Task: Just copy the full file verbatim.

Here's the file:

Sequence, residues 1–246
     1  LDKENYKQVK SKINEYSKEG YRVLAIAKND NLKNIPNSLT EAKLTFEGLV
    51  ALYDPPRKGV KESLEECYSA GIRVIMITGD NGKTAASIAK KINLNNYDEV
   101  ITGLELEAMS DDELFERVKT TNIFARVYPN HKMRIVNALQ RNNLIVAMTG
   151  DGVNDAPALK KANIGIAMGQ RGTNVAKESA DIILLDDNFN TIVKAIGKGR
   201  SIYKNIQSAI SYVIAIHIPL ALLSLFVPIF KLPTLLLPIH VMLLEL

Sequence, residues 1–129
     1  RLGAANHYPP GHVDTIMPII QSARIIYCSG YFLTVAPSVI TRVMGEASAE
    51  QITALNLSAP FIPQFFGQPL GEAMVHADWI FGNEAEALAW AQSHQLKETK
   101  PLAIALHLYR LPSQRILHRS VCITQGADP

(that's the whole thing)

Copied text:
Sequence, residues 1–246
     1  LDKENYKQVK SKINEYSKEG YRVLAIAKND NLKNIPNSLT EAKLTFEGLV
    51  ALYDPPRKGV KESLEECYSA GIRVIMITGD NGKTAASIAK KINLNNYDEV
   101  ITGLELEAMS DDELFERVKT TNIFARVYPN HKMRIVNALQ RNNLIVAMTG
   151  DGVNDAPALK KANIGIAMGQ RGTNVAKESA DIILLDDNFN TIVKAIGKGR
   201  SIYKNIQSAI SYVIAIHIPL ALLSLFVPIF KLPTLLLPIH VMLLEL

Sequence, residues 1–129
     1  RLGAANHYPP GHVDTIMPII QSARIIYCSG YFLTVAPSVI TRVMGEASAE
    51  QITALNLSAP FIPQFFGQPL GEAMVHADWI FGNEAEALAW AQSHQLKETK
   101  PLAIALHLYR LPSQRILHRS VCITQGADP